THE IDEA OF YOU, from left: Nicholas Galitzine, Anne Hathaway, 2024. ph: Alisha Wetherill /© Amazon Prime /Courtesy Everett Collection
‘The Idea of You’ ph: Alisha Wetherill /© Amazon Prime /Courtesy Everett Collection©Amazon/Courtesy Everett Collection

As Showalter explained in an email with IndieWire, “Originally, the line was about Ani DiFranco. That’s what we shot, and for a while, we had Ani DiFranco’s amazing song, ‘Both Hands’ in the film.” (DiFranco, if you need an adult alternative refresh, is right up there with Apple, PJ Harvey, Liz Phair, and Tori Amos as the Gen X goddesses.)

“In the edit, we realized that we wanted a slightly more mainstream artist/song for this moment but also that Ani DiFranco was a more appropriate reference for someone who’d been in college in the early-mid ’90s versus early 2000s,” said Showalter (Solène is turning 40 in the film, likely set pre-COVID around the time Robinne Lee’s 2017 novel came out). “Fiona Apple’s album ‘When The Pawn’ came out in 1999. It’s a perfect kind of album for Solène to have listened to in college. ‘Paper Bag’ is just a brilliant, soulful, infectious song. Anne came in, and ADR’d the line ‘Fiona Apple’ to replace ‘Ani DiFranco,’ and the rest is history.”

Showalter added, “I am an Ani DiFranco fan. The Ani DiFranco reference is something that I put in the script [by Jennifer Westfeldt]. Turns out Anne loves Ani, too, and so it was no fight at all to convince me to use the song ‘Both Hands,’ but we did try some other Ani DiFranco songs, too. Most notably ‘Buildings & Bridges.’ But then I decided that Ani felt too folksy for the moment and that we needed something with a little more pop to it.”

It’s fascinating how mostly male directors (Showalter, Apatow, Feig) have incorporated Apple’s work to such pointedly plot-driven effect — just from personal experience, Apple tends to be the province of women and gay men. Galitzine told IndieWire his sister introduced him to Fiona Apple, known most broadly for her brooding 1996 single of self-destruction, “Criminal,” and the various (and at times equally self-destructive) controversial moments that followed in her heightening fandom (like that MTV Awards speech where she decried the entire music industry and also the world). And “Bridesmaids” and “The Idea of You” each center around women in or nearing their 40s at a crossroads, which can also be said for “This Is 40,” though that film splits its time between the POVs of Leslie Mann and Paul Rudd as a flatlining married couple.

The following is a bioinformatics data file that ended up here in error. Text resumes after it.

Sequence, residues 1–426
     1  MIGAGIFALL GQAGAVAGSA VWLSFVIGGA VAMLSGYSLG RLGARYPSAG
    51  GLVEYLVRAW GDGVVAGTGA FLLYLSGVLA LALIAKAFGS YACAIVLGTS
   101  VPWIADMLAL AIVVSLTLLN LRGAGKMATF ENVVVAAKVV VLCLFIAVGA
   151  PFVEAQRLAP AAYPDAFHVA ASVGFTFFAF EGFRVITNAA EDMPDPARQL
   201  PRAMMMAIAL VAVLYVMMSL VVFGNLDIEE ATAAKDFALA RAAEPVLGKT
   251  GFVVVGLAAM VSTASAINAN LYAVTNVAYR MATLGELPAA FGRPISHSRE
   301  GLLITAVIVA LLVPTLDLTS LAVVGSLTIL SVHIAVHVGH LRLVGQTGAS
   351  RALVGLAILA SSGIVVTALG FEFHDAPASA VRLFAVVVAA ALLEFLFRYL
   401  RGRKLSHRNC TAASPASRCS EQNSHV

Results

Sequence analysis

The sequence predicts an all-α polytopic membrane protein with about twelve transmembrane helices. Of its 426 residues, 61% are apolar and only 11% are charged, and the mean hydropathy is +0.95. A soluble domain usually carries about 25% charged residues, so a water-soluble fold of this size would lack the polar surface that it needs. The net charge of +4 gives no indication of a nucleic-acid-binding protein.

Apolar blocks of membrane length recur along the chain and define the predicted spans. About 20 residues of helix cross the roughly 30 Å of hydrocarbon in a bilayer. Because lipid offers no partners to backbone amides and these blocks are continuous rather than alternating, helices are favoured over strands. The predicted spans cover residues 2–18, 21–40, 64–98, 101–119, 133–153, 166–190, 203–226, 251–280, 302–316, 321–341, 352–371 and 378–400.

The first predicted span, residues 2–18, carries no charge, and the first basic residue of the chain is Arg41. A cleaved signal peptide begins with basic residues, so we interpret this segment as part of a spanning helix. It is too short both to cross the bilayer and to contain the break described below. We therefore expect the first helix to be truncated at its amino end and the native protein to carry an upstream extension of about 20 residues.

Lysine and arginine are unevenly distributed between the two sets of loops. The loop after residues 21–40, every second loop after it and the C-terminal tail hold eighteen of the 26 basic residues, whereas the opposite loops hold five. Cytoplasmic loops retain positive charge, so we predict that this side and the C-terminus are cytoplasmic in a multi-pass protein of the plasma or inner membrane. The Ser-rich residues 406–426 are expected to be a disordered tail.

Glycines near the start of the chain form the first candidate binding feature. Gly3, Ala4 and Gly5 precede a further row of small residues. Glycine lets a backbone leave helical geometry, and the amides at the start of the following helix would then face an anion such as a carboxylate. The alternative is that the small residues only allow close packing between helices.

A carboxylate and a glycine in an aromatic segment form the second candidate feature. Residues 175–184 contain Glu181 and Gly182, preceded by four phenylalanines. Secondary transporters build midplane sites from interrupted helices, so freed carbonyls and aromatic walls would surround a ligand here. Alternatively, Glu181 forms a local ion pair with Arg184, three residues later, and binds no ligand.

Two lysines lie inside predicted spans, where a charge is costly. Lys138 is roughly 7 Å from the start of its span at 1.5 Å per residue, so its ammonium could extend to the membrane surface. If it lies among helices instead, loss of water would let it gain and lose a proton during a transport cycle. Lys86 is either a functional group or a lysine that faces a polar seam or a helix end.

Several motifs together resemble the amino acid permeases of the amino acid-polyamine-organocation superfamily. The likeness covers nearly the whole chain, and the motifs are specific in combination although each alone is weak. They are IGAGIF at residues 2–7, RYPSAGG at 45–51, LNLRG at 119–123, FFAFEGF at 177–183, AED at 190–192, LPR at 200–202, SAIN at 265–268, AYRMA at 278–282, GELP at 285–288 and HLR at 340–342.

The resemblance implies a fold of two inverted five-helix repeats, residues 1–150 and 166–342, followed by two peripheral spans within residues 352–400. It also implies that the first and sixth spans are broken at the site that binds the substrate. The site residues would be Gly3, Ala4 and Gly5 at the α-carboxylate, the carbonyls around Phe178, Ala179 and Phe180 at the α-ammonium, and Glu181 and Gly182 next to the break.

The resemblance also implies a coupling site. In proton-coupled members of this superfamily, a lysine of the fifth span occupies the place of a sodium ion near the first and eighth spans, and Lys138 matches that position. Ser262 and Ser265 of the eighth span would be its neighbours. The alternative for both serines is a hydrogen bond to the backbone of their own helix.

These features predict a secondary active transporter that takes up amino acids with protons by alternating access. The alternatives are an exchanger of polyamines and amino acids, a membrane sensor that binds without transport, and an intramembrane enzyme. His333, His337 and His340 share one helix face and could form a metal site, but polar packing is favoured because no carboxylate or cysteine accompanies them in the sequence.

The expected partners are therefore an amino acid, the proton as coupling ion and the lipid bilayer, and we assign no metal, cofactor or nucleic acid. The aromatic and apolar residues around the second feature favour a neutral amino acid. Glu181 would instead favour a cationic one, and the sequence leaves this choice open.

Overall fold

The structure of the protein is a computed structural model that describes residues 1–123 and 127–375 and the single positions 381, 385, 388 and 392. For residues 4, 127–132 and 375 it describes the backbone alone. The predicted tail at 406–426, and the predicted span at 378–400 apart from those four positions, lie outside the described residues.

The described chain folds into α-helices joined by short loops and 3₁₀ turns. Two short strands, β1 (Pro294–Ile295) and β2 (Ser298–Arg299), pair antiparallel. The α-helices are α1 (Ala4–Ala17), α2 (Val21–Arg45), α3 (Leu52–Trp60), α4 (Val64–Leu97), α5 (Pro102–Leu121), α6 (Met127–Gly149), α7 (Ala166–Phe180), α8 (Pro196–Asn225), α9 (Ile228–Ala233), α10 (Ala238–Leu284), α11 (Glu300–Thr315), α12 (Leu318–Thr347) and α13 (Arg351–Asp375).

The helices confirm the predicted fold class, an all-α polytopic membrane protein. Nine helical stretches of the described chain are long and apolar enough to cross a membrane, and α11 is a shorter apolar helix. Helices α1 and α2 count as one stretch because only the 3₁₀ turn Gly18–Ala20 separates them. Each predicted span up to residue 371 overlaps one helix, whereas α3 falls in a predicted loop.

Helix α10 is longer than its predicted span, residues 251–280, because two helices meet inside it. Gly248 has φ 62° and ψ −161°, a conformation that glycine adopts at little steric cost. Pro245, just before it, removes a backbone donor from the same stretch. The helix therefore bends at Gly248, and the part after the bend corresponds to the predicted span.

Who better to tell a tale of romantic ennui onscreen musically than Apple? Working off the Joni Mitchell tradition of confessional songwriting, she has inspired many of today’s “aggressively talented female singer/songwriters” in her path toward lyrical honesty, from Mitski to King Princess (whom Apple has actually collaborated with). And even amid all those catchy August Moon earworms, “Paper Bag” emerges as the true banger of “The Idea of You,” as Apple watches the “dove of hope” begin its “downward slope,” and Solène realizes she’s more than just “a mess that he don’t wanna clean up.” What if maybe Hayes does?

“The Idea of You” is now streaming on Amazon Prime Video.